Friday, April 24, 2009

Post No. 108a: Article of Interest re U.S. Education Status


The following article appeared in the April 22, 2009 electronic edition of the New York Times:

April 22, 2009

Op-Ed Columnist

Swimming Without a Suit
By THOMAS L. FRIEDMAN

"Speaking of financial crises and how they can expose weak companies and weak countries, Warren Buffett once famously quipped that 'only when the tide goes out do you find out who is not wearing a bathing suit.' So true. But what’s really unnerving is that America appears to be one of those countries that has been swimming butt naked — in more ways than one.

"Credit bubbles are like the tide. They can cover up a lot of rot. In our case, the excess consumer demand and jobs created by our credit and housing bubbles have masked not only our weaknesses in manufacturing and other economic fundamentals, but something worse: how far we have fallen behind in K-12 education and how much it is now costing us. That is the conclusion I drew from a new study by the consulting firm McKinsey, entitled The Economic Impact of the Achievement Gap in America’s Schools."

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To view the remainder of the article, click here.

6 comments:

  1. Consistent with a point that the report made regarding 4th graders versus high school students, Gore Vidal once said something to the effect that he never met a 6 year old that he did not find interesting, and that he rarely encountered a 16 year old who he wanted to spend much time around.

    ReplyDelete
  2. That this has occurred should come as a surprise to no one. It developed over time. It reflects what we value here in our society, plain and simple. We simply were not interested in education, at least not in comparison to other things that we viewed as higher priorities. Most Americans are far more likely and motivated to encourage their favorite sports teams to succeed than their kids. It takes too much time, and distracts parents away from their leisure activities.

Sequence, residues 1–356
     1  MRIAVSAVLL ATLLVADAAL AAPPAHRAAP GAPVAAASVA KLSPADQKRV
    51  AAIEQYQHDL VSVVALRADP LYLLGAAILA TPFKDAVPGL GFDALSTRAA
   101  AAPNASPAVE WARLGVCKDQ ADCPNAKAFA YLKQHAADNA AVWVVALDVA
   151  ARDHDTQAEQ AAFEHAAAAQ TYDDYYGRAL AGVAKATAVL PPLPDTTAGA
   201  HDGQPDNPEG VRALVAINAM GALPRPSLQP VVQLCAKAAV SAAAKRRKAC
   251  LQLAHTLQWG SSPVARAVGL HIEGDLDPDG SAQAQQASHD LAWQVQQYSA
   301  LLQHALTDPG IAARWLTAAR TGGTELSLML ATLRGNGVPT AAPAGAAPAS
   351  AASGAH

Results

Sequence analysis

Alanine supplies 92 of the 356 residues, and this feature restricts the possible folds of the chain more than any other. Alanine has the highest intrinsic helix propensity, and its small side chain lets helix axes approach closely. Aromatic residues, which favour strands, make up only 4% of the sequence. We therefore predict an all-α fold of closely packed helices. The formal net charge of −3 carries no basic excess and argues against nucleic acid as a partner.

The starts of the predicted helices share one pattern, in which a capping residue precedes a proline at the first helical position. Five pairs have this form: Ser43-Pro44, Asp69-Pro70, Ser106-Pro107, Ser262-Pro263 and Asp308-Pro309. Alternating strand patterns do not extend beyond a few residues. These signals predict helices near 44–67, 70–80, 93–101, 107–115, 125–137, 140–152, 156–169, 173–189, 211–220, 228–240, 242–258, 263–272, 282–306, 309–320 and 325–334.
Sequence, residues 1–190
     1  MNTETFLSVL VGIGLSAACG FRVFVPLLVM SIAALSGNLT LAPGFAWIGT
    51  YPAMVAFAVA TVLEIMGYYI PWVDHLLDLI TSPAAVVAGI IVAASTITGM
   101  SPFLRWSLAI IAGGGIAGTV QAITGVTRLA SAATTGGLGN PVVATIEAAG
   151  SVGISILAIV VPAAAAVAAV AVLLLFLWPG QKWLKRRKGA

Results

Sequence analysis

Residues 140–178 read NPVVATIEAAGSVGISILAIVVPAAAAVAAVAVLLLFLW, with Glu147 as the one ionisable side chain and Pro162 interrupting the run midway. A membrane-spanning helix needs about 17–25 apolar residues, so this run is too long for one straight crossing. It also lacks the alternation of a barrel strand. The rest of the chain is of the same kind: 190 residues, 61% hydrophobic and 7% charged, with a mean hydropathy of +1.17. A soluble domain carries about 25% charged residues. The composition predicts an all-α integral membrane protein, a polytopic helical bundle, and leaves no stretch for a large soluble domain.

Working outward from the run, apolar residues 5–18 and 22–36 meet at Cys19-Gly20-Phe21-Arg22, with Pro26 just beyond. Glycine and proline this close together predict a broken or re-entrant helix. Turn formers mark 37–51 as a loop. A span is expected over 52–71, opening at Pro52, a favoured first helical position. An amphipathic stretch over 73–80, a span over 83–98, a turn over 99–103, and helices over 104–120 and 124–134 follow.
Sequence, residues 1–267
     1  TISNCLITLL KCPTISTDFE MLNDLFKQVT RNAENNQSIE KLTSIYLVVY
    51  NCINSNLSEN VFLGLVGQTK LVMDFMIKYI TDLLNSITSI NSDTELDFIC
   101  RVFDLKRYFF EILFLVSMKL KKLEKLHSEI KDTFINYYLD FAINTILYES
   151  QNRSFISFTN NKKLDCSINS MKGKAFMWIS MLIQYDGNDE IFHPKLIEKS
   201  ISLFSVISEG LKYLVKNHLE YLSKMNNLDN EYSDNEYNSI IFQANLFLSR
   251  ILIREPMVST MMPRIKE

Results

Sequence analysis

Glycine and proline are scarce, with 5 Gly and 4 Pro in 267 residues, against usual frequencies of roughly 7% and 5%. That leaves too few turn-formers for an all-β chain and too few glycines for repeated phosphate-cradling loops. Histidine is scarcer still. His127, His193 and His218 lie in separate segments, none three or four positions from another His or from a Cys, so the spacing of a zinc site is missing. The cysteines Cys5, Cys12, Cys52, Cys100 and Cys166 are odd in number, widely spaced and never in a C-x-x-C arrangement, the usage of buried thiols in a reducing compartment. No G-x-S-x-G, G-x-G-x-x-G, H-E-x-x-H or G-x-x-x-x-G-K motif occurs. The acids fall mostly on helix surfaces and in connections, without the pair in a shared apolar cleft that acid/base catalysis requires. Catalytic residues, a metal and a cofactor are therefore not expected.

We're not a hungry country any more.

    Education is not a priority.

    Imagine someone having cancer which is progressing slowly, and watching it develop further year by year by year, without getting to the root cause of the problem.

    ReplyDelete
  3. It seems to me, as one who has observed the decline of quality in education over a number of decades, that the general public is greatly interested in the quality of education and views it as a priority. We have been repeatedly told of the decline in our education systems by politicians as they run for office and re-election, by the media in feature stories and exposes, in countless books that have made the non-fiction best seller lists. These reports, stories, and campaigns wouldn't exist if people were apathetic about the subject. But the programs instituted and the money spent seem to only make things worse.

    Maybe the approaches approved, and thought up by, the educational "experts" are counter productive. Perhaps the concepts that seem to have popular support but are not favored by those experts ought to be tried.

    Maybe back to basics, teacher merit evaluations, school vouchers should be more heavily supported by those who have more power. Perhaps it is time since we appear to have nothing to lose at this point.

    ReplyDelete
  4. I haven't personally experienced the decline in education, either in my own case, or in my childrens' cases, or in the experiences of my extended family, so I can't comment on it from first-hand knowledge.
    My hunch, however, is that the problem is not in the schools, or with the teachers, but in the homes, and with the parents.

    ReplyDelete
  5. I haven't personally experienced the decline in education, either in my own case, or in my childrens' cases, or in the experiences of my extended family, so I can't comment on it from first-hand knowledge.
    My hunch, however, is that the problem is not in the schools, or with the teachers, but in the homes, and with the parents.

    ReplyDelete
  6. That this has occurred should come as a surprise to no one. It developed over time. It reflects what we value here in our society, plain and simple. We simply were not interested in education, at least not in comparison to other things that we viewed as higher priorities. Most Americans are far more likely and motivated to encourage their favorite sports teams to succeed than their kids. It takes too much time, and distracts parents away from their leisure activities.

    We're not a hungry country any more.

    Education is not a priority.

    Imagine someone having cancer which is progressing slowly, and watching it develop further year by year by year, without getting to the root cause of the problem.

    ReplyDelete

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